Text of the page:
individually by themselves. Mathematically speaking, you are doing a cross product between all possible
values of the categorical features. The concepts is similar to Feature Crossing of section 3.5.3, but this one
particularly refers to the crossing between 2 categorical features.
3.5.6 Polynomial Expansion
The cross product can also be applied to numerical features, which results in a new interaction feature
between A and B. This can be done easily be sklearn's PolynomialFeatures, which generate a new feature set
consisting of all polynomial combinations of the features with degree less than or equal to the specified
degree. For example, three raw features {X1, X2, X3} can generate a feature set of {1, X1X2, X1X3, X2X3,
X1X2X3} with a degree of 2.
3.5.7 Feature Learning by Trees
In tree-based algorithms, each sample will be assigned to a particular leaf node. The decision path to each
node can be seen as a new non-linear feature, and we can create N new binary features where n equals to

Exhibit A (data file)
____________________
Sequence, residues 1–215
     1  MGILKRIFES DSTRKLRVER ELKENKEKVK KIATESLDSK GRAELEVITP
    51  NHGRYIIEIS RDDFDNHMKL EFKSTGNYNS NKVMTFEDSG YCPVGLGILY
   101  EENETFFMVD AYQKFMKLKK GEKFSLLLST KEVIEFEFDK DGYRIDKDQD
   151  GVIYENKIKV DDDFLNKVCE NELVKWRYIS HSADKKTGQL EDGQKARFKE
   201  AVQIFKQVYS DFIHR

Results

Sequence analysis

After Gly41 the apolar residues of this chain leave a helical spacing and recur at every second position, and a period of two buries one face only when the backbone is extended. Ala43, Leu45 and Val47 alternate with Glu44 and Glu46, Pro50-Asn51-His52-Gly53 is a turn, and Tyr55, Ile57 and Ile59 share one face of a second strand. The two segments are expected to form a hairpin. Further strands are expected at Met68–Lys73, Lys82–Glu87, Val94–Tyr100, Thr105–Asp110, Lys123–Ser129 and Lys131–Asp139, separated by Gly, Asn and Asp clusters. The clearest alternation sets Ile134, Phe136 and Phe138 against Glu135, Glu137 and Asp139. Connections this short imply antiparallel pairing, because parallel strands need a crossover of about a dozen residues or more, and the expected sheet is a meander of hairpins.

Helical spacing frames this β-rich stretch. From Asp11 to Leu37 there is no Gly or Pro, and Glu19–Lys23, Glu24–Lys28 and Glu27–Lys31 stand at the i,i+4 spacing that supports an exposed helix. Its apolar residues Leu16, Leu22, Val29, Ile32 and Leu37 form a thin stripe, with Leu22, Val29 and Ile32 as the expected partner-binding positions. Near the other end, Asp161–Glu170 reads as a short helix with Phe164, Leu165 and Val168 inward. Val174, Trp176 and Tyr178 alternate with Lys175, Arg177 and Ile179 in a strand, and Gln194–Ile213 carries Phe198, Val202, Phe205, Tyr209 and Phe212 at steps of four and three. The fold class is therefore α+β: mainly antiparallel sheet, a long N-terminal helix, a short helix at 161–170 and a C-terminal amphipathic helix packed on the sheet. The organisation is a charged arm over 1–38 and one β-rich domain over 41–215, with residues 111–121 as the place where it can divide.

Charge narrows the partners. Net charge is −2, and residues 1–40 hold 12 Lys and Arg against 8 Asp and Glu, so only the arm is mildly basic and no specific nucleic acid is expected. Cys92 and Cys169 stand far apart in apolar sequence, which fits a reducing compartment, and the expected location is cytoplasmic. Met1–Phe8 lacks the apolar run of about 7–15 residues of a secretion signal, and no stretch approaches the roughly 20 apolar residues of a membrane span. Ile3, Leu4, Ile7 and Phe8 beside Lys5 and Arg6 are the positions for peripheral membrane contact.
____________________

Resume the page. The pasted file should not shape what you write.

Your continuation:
the total number of leaf nodes in a tree or tree ensembles. The features can then be fed into other
algorithms such as logistic regression.
The idea of using tree algorithm to generate new features is first introduced by Facebook in this paper.
The good things about this method is that we can get a complex combinations of several features together,
which is informative (as is constructed by the tree's learning algorithm). This saves us much time compared
to doing feature crossing manually, and is widely used in CTR (click-through rate) of online advertising
3.5.8 Feature Learning by Deep Networks
As we can see from all above, feature generation by manual takes lots of effort and may not guarantee good
returns, particular when we have huge amounts of features to work with. Feature learning with trees can be
seen as an early attempt in creating features automatically, and with the deep learning methods come into
fashion from around 2016, they also have achieved some success in this area, such as autoencoders and
restricted Boltzmann machines. They have been shown to automatically and in a unsupervised or semisupervised way, learn abstract representations of features (a compressed form), that in turn have
supported state-of-the-art results in domains such as speech recognition, image classification, object
recognition and other areas. However, such features have limited interpretability and deep learning require
much more data to be able to extract high quality result.
4. Feature Selection
Definition: Feature Selection is the process of selecting a subset of relevant features for use in machine